Madison Equities proposes demolition of Jane Jacobs’ West Village Houses

Facing reduced options for warding off impending taxes hikes, the 1,000-person housing community is taking stock of their options

Nov.November 05, 2017 02:28 PM

Robert Gladstone CEO of Madison Equities, front; urbanist Jane Jacobs, back (Front photo by Studio Scrivo; back photo: New York World-Telegram and the Sun Newspaper Photograph Collection, Library of Congress)

UPDATED November 7, 2017 with statement from the West Village Houses’ board.

An offer on the West Village Houses by developer Madison Equities would tear down the complex’s 42 five-story buildings, designed by Jane Jacobs and Perkins + Will in the 1960s and 1970s, in order to build high-rise housing.

Madison Equities’ offer was made this fall and residents of the 420 units in the complex have been meeting to discuss it and West Village Houses’ board of directors have decided to solicit other offers before making a final decision, according to the Architect’s Newspaper. The developer would not comment on the details of the offer, while the board stated they did not solicit it.

The West Village House’s tax abatement expires in March of next year so the board and residents have been looking at how the community can stay affordable in the face of coming tax increases which the board qualified as “a financially untenable situation for many of our residents,” in a statement to The Real Deal.

However, many residents and preservationists familiar with the work of renowned urbanist Jacobs are horrified the proposal was made to begin with, and that it continues to be considered.

“We find ourselves horrified that such a proposal would be put forward,” one group of residents wrote in a statement to the Architect’s Newspaper. “We wonder why anyone would want to destroy the fruits of Jane Jacobs’ dream. We know that we have the greatest luxury of all, right here, right now; the luxury of living in the world Jane Jacobs imagined.”

The board views the consideration of Madison Equities’ proposal part of their legal duties, according to their statement: “We have a fiduciary responsibility to share that type of information with all shareholders, and our recent meetings have been a way for us to get feedback on what people think about the concepts put forth in the proposal.”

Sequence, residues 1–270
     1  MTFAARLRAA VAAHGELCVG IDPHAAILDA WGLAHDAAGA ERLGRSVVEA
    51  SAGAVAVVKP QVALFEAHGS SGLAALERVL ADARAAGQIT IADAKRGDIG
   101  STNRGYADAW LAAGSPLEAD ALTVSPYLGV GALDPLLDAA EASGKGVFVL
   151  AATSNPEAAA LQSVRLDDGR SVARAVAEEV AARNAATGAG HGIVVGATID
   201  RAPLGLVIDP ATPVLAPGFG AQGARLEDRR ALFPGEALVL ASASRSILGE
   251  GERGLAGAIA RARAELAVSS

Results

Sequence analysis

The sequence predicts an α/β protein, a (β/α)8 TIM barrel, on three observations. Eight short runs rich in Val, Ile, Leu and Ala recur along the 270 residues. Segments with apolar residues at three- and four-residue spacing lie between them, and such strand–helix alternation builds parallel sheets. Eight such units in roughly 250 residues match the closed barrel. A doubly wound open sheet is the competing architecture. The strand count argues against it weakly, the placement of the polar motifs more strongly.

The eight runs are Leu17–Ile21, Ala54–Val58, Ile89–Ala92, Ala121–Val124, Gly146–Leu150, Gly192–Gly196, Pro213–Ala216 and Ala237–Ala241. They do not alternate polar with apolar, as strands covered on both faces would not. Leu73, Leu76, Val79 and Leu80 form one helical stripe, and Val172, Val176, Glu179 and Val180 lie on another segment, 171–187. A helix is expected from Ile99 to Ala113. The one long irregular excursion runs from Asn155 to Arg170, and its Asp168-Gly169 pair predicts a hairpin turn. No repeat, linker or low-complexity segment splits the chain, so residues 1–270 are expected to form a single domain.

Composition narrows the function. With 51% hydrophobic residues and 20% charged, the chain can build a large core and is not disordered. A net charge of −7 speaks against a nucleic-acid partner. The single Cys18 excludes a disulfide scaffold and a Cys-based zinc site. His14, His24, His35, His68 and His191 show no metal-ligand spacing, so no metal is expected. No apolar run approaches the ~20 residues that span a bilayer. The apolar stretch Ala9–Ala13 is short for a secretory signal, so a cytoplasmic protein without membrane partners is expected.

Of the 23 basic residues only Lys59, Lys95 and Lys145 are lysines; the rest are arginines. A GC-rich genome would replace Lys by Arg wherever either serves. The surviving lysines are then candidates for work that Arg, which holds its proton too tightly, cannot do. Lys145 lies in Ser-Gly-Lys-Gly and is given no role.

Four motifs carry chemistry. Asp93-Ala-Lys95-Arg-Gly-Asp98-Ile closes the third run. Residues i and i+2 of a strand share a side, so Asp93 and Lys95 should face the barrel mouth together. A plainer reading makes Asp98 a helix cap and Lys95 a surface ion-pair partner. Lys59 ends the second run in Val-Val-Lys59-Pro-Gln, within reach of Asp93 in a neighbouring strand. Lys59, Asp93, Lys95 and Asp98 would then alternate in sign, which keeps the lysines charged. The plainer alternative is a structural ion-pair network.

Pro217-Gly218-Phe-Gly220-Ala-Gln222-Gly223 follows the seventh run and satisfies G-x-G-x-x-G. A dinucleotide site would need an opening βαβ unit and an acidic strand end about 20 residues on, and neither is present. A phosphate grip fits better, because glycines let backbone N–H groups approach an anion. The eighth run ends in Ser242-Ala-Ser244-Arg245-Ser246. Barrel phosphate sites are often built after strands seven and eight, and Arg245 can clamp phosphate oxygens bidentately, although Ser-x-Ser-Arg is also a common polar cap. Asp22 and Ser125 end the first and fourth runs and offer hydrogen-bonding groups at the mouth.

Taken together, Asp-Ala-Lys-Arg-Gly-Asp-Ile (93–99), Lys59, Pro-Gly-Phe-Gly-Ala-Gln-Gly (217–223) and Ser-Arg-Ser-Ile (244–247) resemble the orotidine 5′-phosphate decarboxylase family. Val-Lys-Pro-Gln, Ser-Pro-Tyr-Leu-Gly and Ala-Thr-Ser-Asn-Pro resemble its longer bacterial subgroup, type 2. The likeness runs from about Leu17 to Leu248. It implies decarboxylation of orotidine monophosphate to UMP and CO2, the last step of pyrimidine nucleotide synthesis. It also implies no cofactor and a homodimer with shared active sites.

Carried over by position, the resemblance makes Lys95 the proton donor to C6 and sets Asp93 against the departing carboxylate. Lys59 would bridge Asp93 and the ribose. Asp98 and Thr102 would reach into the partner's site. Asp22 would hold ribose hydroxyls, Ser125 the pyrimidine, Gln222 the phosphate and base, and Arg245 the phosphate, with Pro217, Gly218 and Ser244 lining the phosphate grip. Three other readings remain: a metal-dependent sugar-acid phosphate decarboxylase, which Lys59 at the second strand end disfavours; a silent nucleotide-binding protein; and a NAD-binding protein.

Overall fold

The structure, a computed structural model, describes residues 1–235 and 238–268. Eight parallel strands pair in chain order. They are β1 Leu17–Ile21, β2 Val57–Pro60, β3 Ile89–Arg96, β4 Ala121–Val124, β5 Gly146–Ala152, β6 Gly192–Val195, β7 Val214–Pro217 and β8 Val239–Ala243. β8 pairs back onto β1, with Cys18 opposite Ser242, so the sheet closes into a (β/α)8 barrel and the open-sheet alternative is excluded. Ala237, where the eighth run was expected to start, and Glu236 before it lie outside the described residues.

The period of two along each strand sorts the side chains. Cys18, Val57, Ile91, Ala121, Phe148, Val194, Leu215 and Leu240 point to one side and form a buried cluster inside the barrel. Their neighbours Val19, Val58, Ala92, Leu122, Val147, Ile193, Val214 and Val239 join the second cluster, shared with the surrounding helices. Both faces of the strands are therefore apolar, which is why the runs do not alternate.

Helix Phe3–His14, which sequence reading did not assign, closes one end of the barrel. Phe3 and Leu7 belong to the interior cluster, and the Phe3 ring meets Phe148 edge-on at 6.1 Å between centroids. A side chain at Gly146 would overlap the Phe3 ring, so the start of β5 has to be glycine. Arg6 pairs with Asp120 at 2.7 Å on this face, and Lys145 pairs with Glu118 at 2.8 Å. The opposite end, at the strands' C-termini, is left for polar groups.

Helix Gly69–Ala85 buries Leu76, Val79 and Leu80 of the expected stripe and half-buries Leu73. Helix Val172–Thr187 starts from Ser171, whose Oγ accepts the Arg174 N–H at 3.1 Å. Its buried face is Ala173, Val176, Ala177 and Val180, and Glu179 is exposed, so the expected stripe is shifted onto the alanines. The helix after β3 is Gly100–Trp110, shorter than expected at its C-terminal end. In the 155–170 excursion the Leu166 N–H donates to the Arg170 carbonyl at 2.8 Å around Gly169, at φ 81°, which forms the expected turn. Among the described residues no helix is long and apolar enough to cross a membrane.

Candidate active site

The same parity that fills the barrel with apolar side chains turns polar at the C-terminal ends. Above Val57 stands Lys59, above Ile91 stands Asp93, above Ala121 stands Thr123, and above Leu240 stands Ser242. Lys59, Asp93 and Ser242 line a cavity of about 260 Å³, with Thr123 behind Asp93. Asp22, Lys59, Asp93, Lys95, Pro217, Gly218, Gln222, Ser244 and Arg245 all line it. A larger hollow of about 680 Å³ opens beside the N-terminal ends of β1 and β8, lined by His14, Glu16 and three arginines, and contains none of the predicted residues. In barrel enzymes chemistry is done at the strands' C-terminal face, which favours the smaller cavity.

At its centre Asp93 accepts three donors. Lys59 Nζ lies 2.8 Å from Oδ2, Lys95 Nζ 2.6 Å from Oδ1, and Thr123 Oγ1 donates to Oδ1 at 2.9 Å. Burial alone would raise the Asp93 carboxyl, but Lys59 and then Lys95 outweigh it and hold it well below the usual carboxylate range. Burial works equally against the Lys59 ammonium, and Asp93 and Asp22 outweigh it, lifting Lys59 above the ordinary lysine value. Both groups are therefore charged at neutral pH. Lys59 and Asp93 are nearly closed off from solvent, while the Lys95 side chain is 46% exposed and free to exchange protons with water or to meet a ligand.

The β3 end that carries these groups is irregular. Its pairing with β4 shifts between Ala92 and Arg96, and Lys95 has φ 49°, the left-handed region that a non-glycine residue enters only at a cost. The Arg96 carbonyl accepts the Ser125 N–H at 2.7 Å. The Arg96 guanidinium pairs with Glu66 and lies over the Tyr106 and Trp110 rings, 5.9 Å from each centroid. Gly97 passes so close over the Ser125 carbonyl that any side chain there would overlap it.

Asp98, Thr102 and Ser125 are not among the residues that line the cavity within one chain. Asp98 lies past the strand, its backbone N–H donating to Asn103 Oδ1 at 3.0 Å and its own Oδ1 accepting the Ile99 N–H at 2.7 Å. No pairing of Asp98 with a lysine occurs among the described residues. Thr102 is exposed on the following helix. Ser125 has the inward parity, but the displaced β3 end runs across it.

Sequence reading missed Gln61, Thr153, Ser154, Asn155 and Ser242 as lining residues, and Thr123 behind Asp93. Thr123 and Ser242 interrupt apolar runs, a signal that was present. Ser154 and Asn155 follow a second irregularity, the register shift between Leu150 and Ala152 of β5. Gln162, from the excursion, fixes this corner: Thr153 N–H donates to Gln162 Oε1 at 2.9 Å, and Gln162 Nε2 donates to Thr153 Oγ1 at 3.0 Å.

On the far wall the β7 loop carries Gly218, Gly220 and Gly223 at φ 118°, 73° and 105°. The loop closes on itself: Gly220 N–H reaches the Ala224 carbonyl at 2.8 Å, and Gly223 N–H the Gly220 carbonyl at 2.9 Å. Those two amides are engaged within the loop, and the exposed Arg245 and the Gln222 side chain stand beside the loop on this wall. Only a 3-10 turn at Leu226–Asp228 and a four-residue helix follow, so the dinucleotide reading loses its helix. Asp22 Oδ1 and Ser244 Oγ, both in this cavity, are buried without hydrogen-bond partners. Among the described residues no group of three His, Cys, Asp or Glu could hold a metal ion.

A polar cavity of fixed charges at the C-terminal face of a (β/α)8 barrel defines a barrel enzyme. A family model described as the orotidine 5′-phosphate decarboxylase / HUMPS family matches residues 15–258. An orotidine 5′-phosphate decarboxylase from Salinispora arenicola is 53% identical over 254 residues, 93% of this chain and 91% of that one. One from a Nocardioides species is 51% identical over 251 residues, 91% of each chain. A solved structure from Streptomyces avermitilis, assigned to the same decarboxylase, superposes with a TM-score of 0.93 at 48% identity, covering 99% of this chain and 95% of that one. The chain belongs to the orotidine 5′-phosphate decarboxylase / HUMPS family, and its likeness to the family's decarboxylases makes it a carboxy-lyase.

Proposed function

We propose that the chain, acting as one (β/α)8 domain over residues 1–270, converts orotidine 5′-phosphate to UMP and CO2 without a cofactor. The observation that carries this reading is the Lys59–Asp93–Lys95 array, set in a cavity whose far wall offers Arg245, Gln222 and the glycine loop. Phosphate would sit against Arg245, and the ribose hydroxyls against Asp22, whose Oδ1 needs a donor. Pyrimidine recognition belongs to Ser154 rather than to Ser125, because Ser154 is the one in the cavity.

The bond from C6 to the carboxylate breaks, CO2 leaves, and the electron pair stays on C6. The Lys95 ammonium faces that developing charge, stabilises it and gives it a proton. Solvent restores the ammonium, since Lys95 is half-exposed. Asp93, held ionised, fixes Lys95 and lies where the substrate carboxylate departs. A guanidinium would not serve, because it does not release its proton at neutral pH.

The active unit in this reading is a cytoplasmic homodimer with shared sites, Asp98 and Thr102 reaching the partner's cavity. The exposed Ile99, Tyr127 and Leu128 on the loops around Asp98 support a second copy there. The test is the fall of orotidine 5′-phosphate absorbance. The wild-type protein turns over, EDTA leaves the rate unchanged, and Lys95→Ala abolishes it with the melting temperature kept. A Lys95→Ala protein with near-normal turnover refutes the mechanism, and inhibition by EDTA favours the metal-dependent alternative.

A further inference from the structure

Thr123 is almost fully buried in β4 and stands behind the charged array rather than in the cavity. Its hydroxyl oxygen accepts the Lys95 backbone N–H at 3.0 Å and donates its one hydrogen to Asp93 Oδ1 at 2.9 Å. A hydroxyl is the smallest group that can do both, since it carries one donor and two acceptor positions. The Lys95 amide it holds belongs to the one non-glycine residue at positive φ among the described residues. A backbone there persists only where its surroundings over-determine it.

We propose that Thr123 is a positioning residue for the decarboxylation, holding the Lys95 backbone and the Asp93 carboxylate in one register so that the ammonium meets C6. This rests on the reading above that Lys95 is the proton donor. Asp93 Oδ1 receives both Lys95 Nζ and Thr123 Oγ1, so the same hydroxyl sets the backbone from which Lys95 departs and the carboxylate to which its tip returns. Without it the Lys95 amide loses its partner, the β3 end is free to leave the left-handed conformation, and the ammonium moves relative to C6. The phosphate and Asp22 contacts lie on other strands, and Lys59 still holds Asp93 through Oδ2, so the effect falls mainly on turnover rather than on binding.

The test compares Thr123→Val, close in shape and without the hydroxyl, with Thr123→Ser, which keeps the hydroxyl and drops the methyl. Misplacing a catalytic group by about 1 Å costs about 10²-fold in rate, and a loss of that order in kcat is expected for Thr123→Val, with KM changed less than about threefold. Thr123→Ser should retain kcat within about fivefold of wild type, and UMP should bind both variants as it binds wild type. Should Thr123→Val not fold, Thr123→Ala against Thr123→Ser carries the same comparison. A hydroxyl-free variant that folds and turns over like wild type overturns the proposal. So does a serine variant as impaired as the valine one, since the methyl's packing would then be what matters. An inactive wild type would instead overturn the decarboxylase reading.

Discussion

[The Architect’s Newspaper] — E.K. Hudson

Related Articles


All Falls Down: Kanye West’s “Star Wars”-themed affordable housing plan hits snag

California passes landmark rent control law

Inwood has stayed affordable for a remarkably long time. That could soon change. (Credit: Wikipedia)

Inwood braces for gentrification

Rent reform is propelling a new wave of New York and California investors to Miami (Credit: iStock)

Rent reform in New York, California propels new wave of multifamily investors to Miami

Philip Seymour Hoffman and 1 Sheridan Square (Credit: Getty Images and Google Maps)

Philip Seymour Hoffman’s old West Village pad sells for $2.57M

The Watchtower building at 25 Columbia Heights, CIM Group’s Shaul Kuba (right) and LIVWRK’s Asher Abehsera (Credit: Wikipedia, CIM Group, and LinkedIn)

JPMorgan leads $335M refi for CIM and LIVWRK’s Watchtower renovation

The construction giants catching a Windy City windfall

David Marx of MDG Real Estate and the site at 71-05 Parsons Boulevard in Queens (Credit: Google Images and iStock)

Here’s a weird one: David Marx plans towers at Queens site he bought from his own company